Jake Wachtel grew up in Palo Alto, California but now considers himself a dedicated peripatetic, having spent much of the past decade wandering the globe. After graduating from Stanford University with degrees in Psychology and Film Studies, he began a career making short documentaries for nonprofits and social impact ventures working in the global south — his work has been featured on NYTimes.com, Wired, NPR, and MSNBC.

In 2015, hungering to get to know a single community more in-depth, he moved to Cambodia to teach a year-long class in filmmaking to children living in disadvantaged neighbourhoods. His Phnom Penh-set short film The Foreigner Here premiered at the Cambodian International Film Festival alongside the works of a new wave of young Cambodian directors. Phnom Penh became his home base for several years as he developed KARMALINK — Cambodia’s first sci-fi movie — set in the community where he taught and starring his former students.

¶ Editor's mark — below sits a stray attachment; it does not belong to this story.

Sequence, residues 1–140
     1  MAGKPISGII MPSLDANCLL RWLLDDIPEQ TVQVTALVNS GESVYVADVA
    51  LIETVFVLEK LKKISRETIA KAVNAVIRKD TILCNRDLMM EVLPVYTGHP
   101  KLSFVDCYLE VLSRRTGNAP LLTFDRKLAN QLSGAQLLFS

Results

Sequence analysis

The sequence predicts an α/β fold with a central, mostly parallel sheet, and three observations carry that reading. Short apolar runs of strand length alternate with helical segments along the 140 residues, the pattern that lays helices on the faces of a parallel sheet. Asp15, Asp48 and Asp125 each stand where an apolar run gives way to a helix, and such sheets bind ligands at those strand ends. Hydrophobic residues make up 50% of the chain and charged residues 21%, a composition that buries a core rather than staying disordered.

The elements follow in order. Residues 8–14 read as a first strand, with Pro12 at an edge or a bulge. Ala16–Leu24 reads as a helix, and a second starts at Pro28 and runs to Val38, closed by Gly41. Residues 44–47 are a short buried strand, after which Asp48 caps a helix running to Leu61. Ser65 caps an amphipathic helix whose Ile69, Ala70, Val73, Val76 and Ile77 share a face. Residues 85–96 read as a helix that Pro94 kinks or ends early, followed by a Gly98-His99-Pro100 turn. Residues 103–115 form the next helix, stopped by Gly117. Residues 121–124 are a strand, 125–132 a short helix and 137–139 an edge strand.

Jake Wachtel is an avid meditator and eclectic musician, playing over 100 instruments from around the world. He also moonlights as an aspiring Cambodian pop star.


Cambodia is speeding headlong into the future. It often seems like things are changing here much faster than in Silicon Valley, where I come from. Fertile, yet perennially overlooked, ground for a sci-fi story.